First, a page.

Ten Meters From Eichmann

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Jonathan Feldstein
Jonathan Feldstein (David Tuttle Cohen DC FOTO)

By Jonathan Feldstein

There I stood, in Jerusalem’s Beit Ha’am theater, delivering remarks to hundreds of people gathered from some two dozen countries at the opening session of “March of the Nations.”

I stood 10 meters from where Adolf Eichmann stood trial in 1961, behind bulletproof glass, and where he was sentenced. Sixty-two years ago this week, Eichmann was executed for actual genocide and crimes against humanity, unlike the conflated obscene charges brought against Israel today.

The “March of the Nations” was a redemptive respite we all needed. In the middle of a war, with Israel’s enemies rising from Gaza, Lebanon, Yemen and Iran to the Ivy League, and everywhere in between, having Christian friends in Jerusalem to stand with us is a huge encouragement and comfort. The only shame is that it was not broadcast to Israeli national TV or released as a video with Hebrew subtitles, yet, to show Israel that we do still have friends around the world. Good friends.

The “March of the Nations” and its sister international program, the “March of Life,” which takes place around the world, is the brainchild and passion of Pastor Jobst Bittner in Tübingen, Germany. When I met Pastor Jobst on my first visit to Germany this past September, I was uneasy. Not because of him or the many other Christian friends of Israel and the Jewish people I was meeting, but because as an Ashkenazi Jew, many of whose relatives were murdered in the Holocaust, it’s hard not to go to Germany and be uncomfortable. I left Germany hopeful and inspired.

Two weeks later, Israel suffered the unspeakable inhuman massacre of Oct. 7. If ever we needed friends, that was the time. But since then, we have seen the list of allies and actual friends we can trust grow shorter and shorter.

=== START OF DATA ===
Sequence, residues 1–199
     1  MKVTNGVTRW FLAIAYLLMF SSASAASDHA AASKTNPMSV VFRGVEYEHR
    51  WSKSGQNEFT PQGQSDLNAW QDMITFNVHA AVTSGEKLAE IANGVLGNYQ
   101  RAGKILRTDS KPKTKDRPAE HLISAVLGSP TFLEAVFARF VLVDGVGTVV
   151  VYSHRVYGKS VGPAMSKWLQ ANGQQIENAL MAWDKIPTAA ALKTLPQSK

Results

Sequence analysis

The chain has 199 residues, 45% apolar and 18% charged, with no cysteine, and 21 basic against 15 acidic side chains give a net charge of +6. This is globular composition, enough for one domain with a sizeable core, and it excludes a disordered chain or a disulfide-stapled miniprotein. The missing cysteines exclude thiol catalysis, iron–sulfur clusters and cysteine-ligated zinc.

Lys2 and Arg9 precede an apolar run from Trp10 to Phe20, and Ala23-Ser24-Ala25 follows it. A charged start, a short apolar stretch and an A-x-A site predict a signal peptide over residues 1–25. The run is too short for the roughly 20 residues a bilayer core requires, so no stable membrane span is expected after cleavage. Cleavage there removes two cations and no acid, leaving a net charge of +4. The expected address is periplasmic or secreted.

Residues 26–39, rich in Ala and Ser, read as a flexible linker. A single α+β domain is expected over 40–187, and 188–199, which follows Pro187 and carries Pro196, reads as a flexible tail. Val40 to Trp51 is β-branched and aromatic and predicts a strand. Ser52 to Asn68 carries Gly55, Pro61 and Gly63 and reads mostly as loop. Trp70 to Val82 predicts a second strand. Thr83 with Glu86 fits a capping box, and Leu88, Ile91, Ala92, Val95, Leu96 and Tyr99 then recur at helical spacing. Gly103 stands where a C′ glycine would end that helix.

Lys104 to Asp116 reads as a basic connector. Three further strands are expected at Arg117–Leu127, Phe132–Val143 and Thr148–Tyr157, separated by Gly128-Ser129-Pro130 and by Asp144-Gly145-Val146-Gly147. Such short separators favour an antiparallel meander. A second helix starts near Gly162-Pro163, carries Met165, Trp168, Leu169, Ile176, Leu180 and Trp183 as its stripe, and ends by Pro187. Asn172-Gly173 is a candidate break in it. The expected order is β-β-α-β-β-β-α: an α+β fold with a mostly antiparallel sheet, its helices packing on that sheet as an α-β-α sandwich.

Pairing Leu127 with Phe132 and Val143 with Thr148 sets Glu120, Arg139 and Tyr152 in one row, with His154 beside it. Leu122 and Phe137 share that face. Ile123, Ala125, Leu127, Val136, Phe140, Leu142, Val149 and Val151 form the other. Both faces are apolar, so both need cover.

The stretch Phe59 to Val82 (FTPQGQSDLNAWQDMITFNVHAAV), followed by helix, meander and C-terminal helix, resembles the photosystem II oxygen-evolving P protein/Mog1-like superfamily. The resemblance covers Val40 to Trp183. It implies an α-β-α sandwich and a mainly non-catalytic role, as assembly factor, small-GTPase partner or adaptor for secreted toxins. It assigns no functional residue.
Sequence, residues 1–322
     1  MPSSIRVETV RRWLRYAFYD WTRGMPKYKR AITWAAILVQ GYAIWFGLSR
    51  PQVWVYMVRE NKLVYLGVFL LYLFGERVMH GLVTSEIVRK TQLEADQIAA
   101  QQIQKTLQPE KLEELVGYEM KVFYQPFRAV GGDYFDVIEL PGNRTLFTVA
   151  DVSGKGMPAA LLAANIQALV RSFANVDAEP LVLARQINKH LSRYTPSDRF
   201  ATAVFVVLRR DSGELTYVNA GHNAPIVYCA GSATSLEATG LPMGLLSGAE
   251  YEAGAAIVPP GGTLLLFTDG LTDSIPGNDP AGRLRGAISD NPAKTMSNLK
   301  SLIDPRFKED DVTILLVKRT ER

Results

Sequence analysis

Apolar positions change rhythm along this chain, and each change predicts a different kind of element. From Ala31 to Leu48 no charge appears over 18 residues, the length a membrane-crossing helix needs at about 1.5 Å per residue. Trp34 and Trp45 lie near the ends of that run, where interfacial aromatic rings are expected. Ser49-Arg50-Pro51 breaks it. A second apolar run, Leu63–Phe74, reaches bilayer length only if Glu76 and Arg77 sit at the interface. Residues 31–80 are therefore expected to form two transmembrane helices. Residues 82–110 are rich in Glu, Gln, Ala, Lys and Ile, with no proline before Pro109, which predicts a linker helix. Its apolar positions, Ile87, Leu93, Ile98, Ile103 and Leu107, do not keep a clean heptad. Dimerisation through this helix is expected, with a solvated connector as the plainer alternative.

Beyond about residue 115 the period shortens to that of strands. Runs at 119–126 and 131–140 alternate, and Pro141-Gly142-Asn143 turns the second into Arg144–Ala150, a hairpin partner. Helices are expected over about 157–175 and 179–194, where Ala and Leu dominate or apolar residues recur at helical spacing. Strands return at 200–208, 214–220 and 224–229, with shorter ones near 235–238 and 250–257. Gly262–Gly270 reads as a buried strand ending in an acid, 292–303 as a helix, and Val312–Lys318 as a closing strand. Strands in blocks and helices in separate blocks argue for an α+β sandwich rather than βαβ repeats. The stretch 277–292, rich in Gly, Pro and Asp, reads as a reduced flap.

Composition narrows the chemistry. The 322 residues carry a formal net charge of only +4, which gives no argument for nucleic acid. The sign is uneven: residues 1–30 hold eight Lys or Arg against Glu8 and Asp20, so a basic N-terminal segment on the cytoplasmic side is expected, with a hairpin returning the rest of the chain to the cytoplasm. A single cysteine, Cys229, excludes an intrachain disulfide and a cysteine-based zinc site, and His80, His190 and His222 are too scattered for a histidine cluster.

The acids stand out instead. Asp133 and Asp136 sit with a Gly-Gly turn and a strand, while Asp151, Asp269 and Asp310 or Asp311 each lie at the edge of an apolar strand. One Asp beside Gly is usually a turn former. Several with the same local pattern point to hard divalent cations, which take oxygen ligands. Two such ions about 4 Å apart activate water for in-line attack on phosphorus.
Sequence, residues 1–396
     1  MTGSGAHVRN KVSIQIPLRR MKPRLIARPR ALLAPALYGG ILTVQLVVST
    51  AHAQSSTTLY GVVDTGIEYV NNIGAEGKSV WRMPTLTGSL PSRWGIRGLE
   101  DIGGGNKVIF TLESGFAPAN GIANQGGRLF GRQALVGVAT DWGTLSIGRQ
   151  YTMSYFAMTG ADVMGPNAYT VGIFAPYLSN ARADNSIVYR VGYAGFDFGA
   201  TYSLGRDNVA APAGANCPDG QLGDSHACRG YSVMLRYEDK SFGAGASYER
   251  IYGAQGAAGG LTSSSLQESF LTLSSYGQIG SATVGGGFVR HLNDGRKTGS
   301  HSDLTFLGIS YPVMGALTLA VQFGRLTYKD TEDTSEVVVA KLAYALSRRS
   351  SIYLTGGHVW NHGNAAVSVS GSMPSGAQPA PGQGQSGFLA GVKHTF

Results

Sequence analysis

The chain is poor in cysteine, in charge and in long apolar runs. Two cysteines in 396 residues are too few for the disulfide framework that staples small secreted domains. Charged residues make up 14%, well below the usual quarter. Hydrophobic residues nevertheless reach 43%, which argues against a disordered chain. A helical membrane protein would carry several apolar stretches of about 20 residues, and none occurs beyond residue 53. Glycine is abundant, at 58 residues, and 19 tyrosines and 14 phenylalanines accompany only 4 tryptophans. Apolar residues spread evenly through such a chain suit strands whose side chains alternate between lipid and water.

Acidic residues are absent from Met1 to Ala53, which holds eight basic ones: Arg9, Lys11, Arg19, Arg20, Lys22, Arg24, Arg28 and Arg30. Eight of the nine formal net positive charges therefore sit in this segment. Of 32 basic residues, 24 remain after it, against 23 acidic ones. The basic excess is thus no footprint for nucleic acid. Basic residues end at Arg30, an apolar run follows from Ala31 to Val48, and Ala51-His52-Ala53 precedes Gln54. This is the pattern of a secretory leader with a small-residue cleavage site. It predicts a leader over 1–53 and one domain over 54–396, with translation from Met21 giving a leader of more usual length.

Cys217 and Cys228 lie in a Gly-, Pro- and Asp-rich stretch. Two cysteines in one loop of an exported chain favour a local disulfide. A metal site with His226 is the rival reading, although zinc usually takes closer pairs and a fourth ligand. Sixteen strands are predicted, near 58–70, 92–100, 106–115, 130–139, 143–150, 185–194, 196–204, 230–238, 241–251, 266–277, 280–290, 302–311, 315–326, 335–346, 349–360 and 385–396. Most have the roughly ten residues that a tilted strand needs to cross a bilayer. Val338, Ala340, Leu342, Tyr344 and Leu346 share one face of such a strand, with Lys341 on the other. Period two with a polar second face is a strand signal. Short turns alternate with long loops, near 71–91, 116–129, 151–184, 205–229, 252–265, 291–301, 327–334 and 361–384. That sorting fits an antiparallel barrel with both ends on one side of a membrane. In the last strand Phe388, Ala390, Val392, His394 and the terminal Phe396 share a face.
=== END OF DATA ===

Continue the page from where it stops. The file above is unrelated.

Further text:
That made the mandate of “March of the Nations” all the more significant, all the more so this year. Pastor Jobst knew it and delivered rousing and inspiring remarks to his mostly Christian audience about what it means to stand with Israel and the Jewish people, especially now, and especially in that room. Ten meters from where Eichmann sat, stone-faced and unrepentant.

His words transported me out from among the trees, engrossed in the individual and national grief and trauma that we are still experiencing, to look at the forest. He framed the massacre of Oct. 7 and subsequent attacks on Israel and the Jewish people correctly as a spiritual battle, and to demonstrate tremendous comfort and hope coming to us from friends in among all places, such as Germany. It was solidarity on steroids.

A dramatic reading of Psalm 110 was followed by a beautiful dance by young Germans, along with music, inspired by the same scripture. Ten meters from Eichmann.

Jobst preached to the hundreds assembled but he should have been preaching to all of Israel. He noted that the very auditorium in which we sat was a place of judgment and of pain, where sin and guilt were covered up. Nobody in that hall, from 1961 until that night, had ever repented of the sins of the Nazis. That night, Jobst was changing the course.

Jobst hit a nerve, stating something I have long felt, but putting it into better words. Efforts to educate against antisemitism are nice and important, but the battle is not historical but spiritual. No book, no movie and no commemoration can truly turn the tide on antisemitism. Therefore, the battle against it must be spiritual, to change hearts.